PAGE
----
Arnold Schwarzenegger has kept his word. He’s back! At least on DVD he his, kicking butt and shooting dozens of bad guys in Commando, a memorable 1985 classic that set a perfect example for many action flicks to follow. It collected $35 million at the North American box office (which is a lot for that period), and worked its way into the hearts of thousands of fans. Arnie jumps into the role of John Matrix, a former elite Commando who now enjoys the quiet life after retreating to a secluded mountain cabin with his 11-year-old daughter Jenny (a young Alyssa Milano). Matrix thought his days as a solider were over, but he thought wrong. When an evil dictator kidnaps his daughter and forces him to assassinate the president of Val Verde, Matrix grabs his rifle and embarks on an explosive killing spree to retrieve his loved one and eliminate his enemies once and for all. Matrix shows no mercy to anyone who dares blocking his way, and whether he has to jump off a plane or face an army of ruthless soldiers, he’s always a step ahead of those who want to cause him harm.
Where do I even start? Commando is a great action film for so many reasons. One, of course, is Arnold Schwarzenegger, who back in the '80’s was celebrating the start of a glorious career as an action icon. He wonderfully masters his role as the tough colonel nobody should want to mess with, delivers compelling stunts, and most importantly, generates big laughs with some of the most hilarious one-liners in the history of over-the-top action extravaganzas. "If you want your daughter back, you gotta cooperate. Right?," asks one of the kidnappers. "Wrong!" answers Matrix, and shoots the guy in the head. Moments like these prove that the movie does not take itself too seriously, which, amid the continuous action, comes in just handy.
This leads me to the plot of the flick, which, despite its lack of credibility, kicks some serious butt. Skillfully helmed by Mark L. Lester, Commando jumps right into the action and keeps the entertainment at a superior level all throughout. Sure, the numerous fights, stunts, pursuits and shoot-outs Matrix engages in share striking similarities, but his character’s irresistible humor adds just enough spice to the formula to keep the audiences cheering at the degree of action and violence. John Matrix is flirting with death in nearly every scene in the movie, but he just doesn’t care. If a bad guy walks up to him and tells him "You're scared, motherfucker? Well you should be cause this Green Beret is gonna kick your big ass...," all Matrix replies is: "I eat Green Berets for breakfast, and right now, I'm very hungry." Next thing we know the bad guy is lying on the floor, dead and bleeding.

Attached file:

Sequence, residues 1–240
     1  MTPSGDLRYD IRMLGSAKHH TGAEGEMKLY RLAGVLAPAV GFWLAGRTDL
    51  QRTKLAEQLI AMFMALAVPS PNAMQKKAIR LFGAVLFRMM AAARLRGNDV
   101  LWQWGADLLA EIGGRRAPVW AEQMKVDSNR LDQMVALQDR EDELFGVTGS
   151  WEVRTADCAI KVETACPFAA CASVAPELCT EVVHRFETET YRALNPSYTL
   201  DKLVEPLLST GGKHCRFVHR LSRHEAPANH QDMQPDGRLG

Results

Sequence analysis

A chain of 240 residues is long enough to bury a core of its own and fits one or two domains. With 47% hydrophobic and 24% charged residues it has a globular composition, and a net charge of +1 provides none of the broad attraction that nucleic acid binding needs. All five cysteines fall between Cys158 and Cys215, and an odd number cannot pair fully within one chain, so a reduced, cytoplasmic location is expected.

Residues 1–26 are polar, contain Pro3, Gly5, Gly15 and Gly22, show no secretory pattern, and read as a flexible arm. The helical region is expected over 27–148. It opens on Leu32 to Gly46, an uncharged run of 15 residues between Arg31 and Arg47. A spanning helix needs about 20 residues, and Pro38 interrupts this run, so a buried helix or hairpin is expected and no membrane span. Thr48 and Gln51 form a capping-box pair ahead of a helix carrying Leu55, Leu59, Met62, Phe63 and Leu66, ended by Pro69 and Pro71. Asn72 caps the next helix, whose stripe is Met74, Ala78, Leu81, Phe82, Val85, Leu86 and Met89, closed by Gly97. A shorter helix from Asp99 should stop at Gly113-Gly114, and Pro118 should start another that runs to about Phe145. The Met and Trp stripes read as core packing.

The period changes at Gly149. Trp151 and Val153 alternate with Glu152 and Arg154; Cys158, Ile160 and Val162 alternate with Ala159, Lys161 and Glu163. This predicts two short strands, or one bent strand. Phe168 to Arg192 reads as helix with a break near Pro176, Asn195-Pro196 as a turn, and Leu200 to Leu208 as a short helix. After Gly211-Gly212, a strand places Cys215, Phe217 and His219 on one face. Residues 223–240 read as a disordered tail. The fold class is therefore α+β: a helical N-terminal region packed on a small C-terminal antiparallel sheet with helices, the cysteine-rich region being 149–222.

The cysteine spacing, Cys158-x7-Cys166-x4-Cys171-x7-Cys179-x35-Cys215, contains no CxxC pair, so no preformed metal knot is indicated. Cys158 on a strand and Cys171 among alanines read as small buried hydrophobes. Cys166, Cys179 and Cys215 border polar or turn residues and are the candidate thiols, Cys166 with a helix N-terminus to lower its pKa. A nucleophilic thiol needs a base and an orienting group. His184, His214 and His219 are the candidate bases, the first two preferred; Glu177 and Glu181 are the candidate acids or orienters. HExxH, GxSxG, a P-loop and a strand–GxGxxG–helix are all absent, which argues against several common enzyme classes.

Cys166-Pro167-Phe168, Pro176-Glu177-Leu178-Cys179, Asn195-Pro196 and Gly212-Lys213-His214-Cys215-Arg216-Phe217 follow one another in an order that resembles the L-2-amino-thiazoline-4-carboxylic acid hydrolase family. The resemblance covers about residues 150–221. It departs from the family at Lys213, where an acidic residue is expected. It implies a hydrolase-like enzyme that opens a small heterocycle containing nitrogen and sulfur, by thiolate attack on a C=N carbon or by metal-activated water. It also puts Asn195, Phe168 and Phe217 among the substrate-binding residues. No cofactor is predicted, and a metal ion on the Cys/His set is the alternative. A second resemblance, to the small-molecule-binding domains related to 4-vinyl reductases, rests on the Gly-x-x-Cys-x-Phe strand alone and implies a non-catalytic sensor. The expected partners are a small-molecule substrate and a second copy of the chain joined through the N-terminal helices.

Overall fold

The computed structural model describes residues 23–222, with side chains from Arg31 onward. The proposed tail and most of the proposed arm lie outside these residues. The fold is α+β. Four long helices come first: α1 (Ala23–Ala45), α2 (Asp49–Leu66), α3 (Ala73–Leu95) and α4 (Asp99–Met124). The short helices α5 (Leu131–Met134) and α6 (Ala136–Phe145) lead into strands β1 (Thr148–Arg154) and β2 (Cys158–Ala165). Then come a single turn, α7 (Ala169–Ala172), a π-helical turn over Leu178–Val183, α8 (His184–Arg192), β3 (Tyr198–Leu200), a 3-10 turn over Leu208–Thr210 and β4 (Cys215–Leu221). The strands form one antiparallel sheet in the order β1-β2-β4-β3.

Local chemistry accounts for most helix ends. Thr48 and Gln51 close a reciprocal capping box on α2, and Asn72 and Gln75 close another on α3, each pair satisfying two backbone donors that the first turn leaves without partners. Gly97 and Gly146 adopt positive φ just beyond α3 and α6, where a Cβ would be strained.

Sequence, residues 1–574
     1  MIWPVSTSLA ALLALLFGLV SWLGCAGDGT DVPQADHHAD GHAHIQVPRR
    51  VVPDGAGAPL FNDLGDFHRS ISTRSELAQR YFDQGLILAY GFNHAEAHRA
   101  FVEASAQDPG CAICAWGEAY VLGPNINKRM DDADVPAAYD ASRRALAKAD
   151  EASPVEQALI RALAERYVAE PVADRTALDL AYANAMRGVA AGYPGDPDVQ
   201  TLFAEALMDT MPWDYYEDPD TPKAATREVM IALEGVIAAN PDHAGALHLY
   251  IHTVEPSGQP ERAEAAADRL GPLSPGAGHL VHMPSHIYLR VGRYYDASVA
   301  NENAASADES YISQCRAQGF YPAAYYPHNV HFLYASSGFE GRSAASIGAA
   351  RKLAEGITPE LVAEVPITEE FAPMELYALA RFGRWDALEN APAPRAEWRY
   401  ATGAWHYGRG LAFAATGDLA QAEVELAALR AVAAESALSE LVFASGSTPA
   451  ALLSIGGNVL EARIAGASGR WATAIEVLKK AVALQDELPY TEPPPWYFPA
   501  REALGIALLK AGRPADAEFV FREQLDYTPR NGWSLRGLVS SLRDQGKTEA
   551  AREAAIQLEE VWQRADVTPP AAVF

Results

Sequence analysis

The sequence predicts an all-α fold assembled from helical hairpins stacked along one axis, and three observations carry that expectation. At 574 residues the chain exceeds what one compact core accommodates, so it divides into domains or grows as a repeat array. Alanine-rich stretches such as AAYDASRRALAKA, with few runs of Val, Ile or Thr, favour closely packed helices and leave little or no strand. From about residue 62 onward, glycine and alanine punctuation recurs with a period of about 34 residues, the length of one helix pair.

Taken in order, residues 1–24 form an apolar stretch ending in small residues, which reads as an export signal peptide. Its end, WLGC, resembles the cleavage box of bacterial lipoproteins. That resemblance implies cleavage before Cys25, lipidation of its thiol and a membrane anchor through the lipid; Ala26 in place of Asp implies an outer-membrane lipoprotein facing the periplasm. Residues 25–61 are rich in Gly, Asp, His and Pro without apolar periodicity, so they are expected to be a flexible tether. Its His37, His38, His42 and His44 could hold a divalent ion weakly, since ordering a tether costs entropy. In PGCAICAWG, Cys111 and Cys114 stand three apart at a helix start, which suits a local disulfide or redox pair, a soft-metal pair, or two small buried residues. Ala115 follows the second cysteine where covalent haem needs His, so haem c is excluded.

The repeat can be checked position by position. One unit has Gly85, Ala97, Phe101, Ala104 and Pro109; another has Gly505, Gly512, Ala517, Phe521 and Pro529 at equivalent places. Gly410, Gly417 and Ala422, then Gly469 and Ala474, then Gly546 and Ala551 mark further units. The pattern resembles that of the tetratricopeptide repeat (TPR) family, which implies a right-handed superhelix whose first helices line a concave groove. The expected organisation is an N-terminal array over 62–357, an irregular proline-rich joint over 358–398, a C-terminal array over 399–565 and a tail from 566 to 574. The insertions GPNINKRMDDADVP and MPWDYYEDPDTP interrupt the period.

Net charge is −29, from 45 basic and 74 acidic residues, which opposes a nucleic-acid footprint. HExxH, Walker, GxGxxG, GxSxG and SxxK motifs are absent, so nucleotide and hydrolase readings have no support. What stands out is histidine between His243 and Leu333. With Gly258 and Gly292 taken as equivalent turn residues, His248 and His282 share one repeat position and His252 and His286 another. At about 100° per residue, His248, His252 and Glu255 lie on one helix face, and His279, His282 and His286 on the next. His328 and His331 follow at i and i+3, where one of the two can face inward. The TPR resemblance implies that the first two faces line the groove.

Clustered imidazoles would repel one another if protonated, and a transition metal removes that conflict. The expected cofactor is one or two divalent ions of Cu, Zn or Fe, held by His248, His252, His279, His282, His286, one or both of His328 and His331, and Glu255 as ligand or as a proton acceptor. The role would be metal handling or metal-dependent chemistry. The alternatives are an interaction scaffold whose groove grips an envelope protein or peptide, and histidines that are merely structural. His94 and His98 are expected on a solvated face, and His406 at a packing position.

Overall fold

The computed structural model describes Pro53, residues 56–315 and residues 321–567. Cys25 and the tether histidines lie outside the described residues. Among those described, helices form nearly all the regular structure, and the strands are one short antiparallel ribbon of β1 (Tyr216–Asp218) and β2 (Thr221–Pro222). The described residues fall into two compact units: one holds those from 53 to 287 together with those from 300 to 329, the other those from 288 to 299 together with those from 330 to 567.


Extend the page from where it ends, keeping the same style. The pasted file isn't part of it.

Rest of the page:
The final showdown between Matrix and his ruthless rival Bennett (played by Vernon Wells) is the film’s most compelling sequence – a climax as perfectly coordinated as a climax in a movie of this genre should be. At this stage of the movie, it’s also time to check on the body count Matrix leaves behind. Believe it or not, 81 people end up kicking the bucket. There is a lot more to discover in Commando, but since I don’t want to ruin the party, my only advice to head out to the closest store and grab a copy of the new DVD release. In case you read on from this point, you’ll see it’s worth it. Time to “let off some steam.” Whether you adore hardcore action flicks, worship Arnold Schwarzenegger, or seek a movie that does not require any form of thinking, Commando on DVD is an absolute must. For once, the disc includes both the theatrical and director’s cut, which is always a great treat for film freaks and passionate DVD collectors. And if that’s not enough, the special features section has a few surprises to offer as well.
Let me first mention the feature commentary by director Mark L. Lester, which is clearly the highlight of the disc. Early on, Lester mentions that this is favorite film among the 21 or so he directed, and given his input, I can understand why. He calmly talks his way through the movie, revealing some highly interesting details about the filming in general, the many locations they shot at, and the fact that they had no CGI to set up the stunts and action scenes. Lester also picks his favorite sequences of the film, with the big galleria scene climbing to the top of his chart. On top of all this, he also makes longer pauses, so audiences can enjoy both the film’s best sequences and the director’s comments.
The bonus material also comprises two brand new featurettes. In “Pure Action, ” a 15-minute behind-the-scenes look, members of the cast and crew discuss what exactly turned this film into a success. In the seven-minute piece “Let off some Steam,” they discuss some of the film’s best one-liners and talk about the different relationship they shared with each other during the production of the film. Although these two specials don’t reveal more information about the actual process of filming the numerous action sequences, they still offer interesting information about the main characters and the actors who portrayed them.
Furthermore, the disc includes three deleted scenes, and four still galleries with a total of 160 images from the set. Although the difference between the theatrical version of the film and the director’s cut is microscopic (the latter comprises three additional scenes), the new Commando DVD is definitely worth its price for the clean digital transfer and the film’s undeniable fun factor. It shows us Arnie at his best when he was still in the movie business, and sort of makes us want to shout: “Arnie, please come back!” Over and out.
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